Storymastery: More Examples of Bad Reveal Timings
Roleplaying Tips Newsletter #1029
Last Musing, we talked about how to stage your prophecies for maximum effect.
Reveal your prophecy too soon, and players won’t be invested. They won’t care because they have not bonded with your campaign yet. And then even the best prophecy destined to hit your table will feel like a gimmick.
There are other campaign elements that require careful staging too. We want to get the timing right or our efforts will fall flat.
Here are three important campaign elements you want to stage perfectly.
We might be tempted to introduce the Big Bad Evil Guy right away.
This does have a couple of benefits.
It gives characters a purpose. And it gives players clear direction.
However, it’s a mistake.
The value of a campaign villain is to get your players to build up a big hate for this diabolical foe.
The greater the animosity and desire to defeat the BBEG, the more potent your campaign.
So rather than a “Hello, I’m the bad guy you’re supposed to whack” intro encounter in adventure one, tease your villain out.
Like a cauldron of water over a fire, let the PCs begin to simmer, then bubble, then boil.
Then you really turn the heat on.
Let adventure #1 be an introduction to the milieu. Use it to let players bond with your world and the NPCs in it.
Harass your characters with results of villain machinations, but make them indirect.
Once players are bonded and engaged, introduce your BBEG for maximum effect.
New friends for the PCs help players connect better with your campaign.
Not everyone should be an evil backstabber.
Introduce allies well before the villain. The goal is for the characters to save these people at some point.
But the staging mistake we often make here is to assume trust.
Trust when earned is such a powerful emotional connection in the game.
Because it’s not the characters who actually form this trust.
It’s the players.
Trust is a player emotion.
You can tell a player their character trusts an NPC or a faction. But unless the player feels trust, there’s no actual trust there.
So we want players to gain trust in their allies.
This we do not and cannot assume in encounter number one.
Instead, we run a series of encounters that builds trust over time. Time will cement this trust into a bond.
And when the villain makes their grand entrance, that trust is another spike of emotional connection your villain threatens.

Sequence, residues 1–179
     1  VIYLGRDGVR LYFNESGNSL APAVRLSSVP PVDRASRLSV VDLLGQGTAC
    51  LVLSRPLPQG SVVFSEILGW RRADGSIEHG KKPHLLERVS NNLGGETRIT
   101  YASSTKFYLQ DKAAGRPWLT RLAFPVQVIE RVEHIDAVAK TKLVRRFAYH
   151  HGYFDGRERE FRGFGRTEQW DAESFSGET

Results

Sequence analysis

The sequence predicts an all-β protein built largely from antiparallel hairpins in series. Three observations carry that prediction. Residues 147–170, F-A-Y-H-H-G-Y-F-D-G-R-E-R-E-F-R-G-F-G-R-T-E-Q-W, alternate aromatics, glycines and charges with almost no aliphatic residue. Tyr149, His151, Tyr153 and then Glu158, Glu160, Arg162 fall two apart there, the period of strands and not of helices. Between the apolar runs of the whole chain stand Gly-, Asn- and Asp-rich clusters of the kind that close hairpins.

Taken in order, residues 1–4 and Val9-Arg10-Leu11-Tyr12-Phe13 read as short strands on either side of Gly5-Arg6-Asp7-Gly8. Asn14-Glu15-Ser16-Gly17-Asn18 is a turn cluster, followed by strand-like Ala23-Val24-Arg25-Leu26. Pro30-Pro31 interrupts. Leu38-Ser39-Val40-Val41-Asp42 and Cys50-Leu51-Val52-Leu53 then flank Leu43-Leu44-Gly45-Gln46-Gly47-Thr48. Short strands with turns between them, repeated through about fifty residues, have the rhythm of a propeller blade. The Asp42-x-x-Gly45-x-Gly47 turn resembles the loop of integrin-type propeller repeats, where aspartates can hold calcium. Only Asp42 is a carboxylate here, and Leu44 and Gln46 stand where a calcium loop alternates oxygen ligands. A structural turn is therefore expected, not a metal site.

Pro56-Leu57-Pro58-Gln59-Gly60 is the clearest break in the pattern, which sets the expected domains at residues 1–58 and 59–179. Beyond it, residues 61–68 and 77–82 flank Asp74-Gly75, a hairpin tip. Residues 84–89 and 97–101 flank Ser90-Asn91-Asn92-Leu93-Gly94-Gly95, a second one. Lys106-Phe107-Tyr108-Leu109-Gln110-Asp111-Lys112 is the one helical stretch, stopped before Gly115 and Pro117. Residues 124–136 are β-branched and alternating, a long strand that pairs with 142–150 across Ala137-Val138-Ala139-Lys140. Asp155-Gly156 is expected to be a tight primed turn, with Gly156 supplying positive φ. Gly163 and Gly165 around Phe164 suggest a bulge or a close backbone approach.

Your players will love your campaign if you can stage your allies well.
Most of the time we beg our players for character backgrounds and get orphan PCs instead.
And when we do get backgrounds, we rush to put them into play during session one.
This is a mistake for the same reason introducing the villain in the first session is a mistake.
It’s too soon.
We want that player and character connection to form before we delve into character backgrounds.
Some might ask, “Isn’t that what character backgrounds are for though? We use them to tie party members together and hook characters into the game?”
You are correct. Character backgrounds give us an initial platform to launch from.
However, we should divide the information in character backgrounds into three tiers and then stage them properly:
- The Bright Surface
- Shadowy Corners
- The Underdark
The Bright Surface
Surface level details are safe. There’s little drama in these facts. And so they are perfect for first encounter and first session inclusion.
We can work into the roleplay and plot where characters are from, who their families, friends, and contacts are, and some basic personality drivers.
These details don’t speak to any Truths. So we do not have any staging issues.
And they should give us enough hooks to connect characters with each other and to time and place during adventure #1.
Wonderful gaming moments happen when character secrets get revealed.
The roleplay of surprise, wonderment, and horror will give your campaign such amazing energy.
If players have not provided you with any character secrets to reveal to their comrades and NPCs, generate your own and share with each player.
A really cool effect is to write secrets on index cards and hand them out. This physical manifestation of a secret lends greater gravity to their import.
Incorporate secrets into your plots. And look for improv opportunities to make them relevant to current gameplay as often as possible.
Characters now have connections (immediate reveals) and secrets (later reveals).
The best part!
We’ve surprised the characters with secrets. Now, we surprise the players!
We take the character backgrounds and create secrets even players do not know.
These secrets go beyond what lurks in shadowy corners.
These secrets go beneath the surface.
Deep beneath the surface.
We bury these secrets in the underdark, lurking and ready for epic reveal later in the campaign.
We want to create these secrets at campaign start. This helps us drop clues and seemingly random things that, once a secret is revealed to the shock and awe of our players, all the pieces fall into place in their minds.
As they connect the dots it will drop jaws and have players yelling with excitement. These are the moments storymasters live for.
I hope these three examples show you why it’s important to reveal the right things at the right time in your campaign. The proper staging of various campaign elements will help you structure your storytelling so you have good guidance for when to reveal what.